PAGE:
Elevation View
Elevation View
Isometric View
Isometric View

Masonry walls must be designed and constructed to resist wind loads. For multi-story buildings, the walls are typically supported at each floor line and at the roof line. If the walls are independent of the steel structure, and are designed to span vertically, the masonry must be anchored to the spandrel beam.

Wind load acting on the masonry wall is resisted by the brick and concrete masonry wythe in proportions to their relative flexural stiffeners. Joint reinforcement bonds the brick wythe to the concrete masonry wythe, which creates a positive bond.

Wind loads are transferred from the brick wythe to the concrete masonry wythe and through the anchor to the steel beam. This connection laterally braces the masonry wall to the spandrel beam. Anchorage to the steel columns is not required for this type of design.

Anchorage adjustability is critical when masonry walls are designed to completely bypass the structural steel frame. Exact alignment to the bed joint of the concrete masonry wythe rarely occurs because of construction tolerances.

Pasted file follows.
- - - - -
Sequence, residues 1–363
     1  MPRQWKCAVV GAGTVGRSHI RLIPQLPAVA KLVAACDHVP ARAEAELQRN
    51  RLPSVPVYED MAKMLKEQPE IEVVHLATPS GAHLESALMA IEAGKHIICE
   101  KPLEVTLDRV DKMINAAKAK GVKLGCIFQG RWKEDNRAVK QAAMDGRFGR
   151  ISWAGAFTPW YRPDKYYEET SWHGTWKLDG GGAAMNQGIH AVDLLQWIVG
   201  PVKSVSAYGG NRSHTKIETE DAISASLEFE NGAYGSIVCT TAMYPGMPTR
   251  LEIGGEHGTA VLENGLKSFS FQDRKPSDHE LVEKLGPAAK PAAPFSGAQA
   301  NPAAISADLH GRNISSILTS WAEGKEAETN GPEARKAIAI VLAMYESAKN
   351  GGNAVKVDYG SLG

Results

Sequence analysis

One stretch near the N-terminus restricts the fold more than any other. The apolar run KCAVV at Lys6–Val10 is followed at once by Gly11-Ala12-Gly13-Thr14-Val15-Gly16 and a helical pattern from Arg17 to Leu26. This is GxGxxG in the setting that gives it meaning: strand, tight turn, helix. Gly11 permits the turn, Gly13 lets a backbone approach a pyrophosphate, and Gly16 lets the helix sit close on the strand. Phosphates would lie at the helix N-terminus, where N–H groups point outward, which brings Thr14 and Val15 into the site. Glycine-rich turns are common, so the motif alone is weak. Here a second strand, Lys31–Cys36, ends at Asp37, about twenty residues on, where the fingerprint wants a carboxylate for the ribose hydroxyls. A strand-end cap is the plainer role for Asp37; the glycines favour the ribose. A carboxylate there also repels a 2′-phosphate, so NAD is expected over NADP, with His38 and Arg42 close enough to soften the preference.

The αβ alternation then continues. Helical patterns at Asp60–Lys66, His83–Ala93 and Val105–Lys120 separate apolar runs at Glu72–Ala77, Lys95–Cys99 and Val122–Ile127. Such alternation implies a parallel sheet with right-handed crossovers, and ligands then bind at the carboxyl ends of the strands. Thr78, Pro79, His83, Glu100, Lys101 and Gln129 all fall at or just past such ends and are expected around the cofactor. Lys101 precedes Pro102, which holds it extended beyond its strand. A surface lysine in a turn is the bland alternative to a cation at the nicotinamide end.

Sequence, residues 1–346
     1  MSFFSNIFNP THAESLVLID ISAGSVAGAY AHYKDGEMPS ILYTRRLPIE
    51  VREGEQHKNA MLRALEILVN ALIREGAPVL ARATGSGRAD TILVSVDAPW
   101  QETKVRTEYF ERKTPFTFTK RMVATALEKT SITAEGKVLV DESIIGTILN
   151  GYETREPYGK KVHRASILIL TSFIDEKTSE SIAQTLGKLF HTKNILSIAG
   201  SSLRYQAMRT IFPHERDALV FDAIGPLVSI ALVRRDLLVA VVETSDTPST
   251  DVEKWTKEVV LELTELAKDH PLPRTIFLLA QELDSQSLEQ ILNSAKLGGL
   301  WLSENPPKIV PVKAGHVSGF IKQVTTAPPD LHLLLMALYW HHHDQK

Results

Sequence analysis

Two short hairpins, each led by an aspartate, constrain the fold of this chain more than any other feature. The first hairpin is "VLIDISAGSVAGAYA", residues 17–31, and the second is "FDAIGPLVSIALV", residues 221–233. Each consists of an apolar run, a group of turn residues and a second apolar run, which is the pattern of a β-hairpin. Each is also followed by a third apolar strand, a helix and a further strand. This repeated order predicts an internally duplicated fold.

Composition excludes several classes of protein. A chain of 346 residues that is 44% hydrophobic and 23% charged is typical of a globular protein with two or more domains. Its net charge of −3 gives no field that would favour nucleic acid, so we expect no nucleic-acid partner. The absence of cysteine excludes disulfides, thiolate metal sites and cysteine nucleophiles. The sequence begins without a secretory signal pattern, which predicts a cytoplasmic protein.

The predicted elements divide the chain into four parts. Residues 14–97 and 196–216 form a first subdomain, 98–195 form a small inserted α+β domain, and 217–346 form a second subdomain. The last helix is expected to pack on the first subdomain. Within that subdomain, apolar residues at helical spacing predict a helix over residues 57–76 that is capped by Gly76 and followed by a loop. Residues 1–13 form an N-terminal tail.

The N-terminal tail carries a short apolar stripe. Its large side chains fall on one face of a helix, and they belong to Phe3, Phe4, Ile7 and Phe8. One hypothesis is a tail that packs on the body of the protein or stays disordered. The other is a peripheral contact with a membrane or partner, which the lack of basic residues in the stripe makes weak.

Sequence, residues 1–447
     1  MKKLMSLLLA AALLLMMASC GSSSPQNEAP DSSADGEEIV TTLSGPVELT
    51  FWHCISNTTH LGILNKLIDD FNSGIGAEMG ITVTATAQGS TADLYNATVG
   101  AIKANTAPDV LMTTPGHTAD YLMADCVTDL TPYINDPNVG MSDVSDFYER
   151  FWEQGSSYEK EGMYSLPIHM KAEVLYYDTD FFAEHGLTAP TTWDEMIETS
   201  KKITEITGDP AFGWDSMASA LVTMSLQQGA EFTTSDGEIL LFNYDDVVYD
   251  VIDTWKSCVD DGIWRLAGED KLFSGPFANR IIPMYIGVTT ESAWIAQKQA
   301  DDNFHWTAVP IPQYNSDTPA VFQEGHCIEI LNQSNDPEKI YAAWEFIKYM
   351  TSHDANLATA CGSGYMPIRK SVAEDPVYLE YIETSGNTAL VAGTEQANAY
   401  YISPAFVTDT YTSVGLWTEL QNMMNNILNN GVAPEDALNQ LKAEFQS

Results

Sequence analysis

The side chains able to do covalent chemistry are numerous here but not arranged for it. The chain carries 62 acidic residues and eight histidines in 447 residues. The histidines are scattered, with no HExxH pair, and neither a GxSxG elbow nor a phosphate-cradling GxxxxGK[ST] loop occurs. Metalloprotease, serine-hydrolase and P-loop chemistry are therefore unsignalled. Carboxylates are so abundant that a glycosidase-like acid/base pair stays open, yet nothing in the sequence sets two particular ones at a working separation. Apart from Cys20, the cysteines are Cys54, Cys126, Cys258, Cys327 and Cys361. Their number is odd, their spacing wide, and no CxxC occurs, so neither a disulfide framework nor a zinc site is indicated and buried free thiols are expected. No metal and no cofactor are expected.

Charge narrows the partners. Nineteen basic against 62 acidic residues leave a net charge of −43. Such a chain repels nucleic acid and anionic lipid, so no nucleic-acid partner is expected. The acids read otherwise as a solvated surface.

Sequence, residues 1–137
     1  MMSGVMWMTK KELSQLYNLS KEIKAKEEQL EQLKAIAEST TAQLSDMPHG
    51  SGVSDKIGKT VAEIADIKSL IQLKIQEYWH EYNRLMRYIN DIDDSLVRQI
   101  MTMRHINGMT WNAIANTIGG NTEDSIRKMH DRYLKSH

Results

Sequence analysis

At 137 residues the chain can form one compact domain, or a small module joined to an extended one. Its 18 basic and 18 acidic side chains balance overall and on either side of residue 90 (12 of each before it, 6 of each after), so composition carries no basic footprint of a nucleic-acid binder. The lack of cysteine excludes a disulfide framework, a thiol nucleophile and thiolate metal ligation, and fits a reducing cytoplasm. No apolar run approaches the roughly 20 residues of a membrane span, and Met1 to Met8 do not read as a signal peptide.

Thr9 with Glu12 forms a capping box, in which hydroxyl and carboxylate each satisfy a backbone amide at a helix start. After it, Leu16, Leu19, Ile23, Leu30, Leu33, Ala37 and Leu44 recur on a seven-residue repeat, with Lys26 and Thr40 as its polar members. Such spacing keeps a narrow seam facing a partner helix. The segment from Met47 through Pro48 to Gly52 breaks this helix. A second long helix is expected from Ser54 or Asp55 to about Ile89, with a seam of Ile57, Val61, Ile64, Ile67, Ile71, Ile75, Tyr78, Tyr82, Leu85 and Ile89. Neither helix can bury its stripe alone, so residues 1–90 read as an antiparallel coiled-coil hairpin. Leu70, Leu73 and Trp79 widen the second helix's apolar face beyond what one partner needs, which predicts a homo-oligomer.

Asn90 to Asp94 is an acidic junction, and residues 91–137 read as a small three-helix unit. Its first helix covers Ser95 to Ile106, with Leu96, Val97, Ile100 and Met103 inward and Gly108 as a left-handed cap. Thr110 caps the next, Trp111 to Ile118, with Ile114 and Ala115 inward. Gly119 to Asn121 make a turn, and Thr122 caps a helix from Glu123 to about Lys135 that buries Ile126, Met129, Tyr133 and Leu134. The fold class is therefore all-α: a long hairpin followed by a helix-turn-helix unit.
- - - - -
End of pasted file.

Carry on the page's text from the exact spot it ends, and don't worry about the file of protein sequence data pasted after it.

An anchor with horizontal and vertical adjustability should be specified. The mason must be allowed some installation flexibility if proper anchorage of the masonry wall to the steel beam is to occur.

When anchor attachment to the beam web is required, a rectangular or triangular wire loop anchor that engages a receptor angle should be implemented. The loop anchors should be solidly embedded in the concrete masonry wythe, which can be accomplished by setting the anchor in a cell of the CMU solidly filled with mortar.

The leg of the angle receptor provides the additional rigidity required to prevent the anchor from buckling. The receptor angle can be welded or mechanically fastened to the web of the beam.

Horizontal spacing of the anchors should be determined by a structural engineer. The anchor should not span a distance in excess of 4 in. (span is the distance measured between the points at which the anchor engages the masonry and the receptor angle). If this distance is exceeded, a detailed anchor analysis must be performed by a structural engineer.

When the structural frame is loaded, the steel beam deflects while the masonry remains stationary. An adjustable anchor possesses the flexibility to accommodate the differential movement between the two systems.

Consider pull out strengths and resistance to buckling under loading when selecting anchor type and connection. This connection should not resist in-plane sheer forces.

Additional information on this general subject is available in the “Masonry and Steel Detailing Handbook” authored by Walter A. Laska. The price for the 218-page book is $51, and it can be ordered atwww.wocbookstore.com.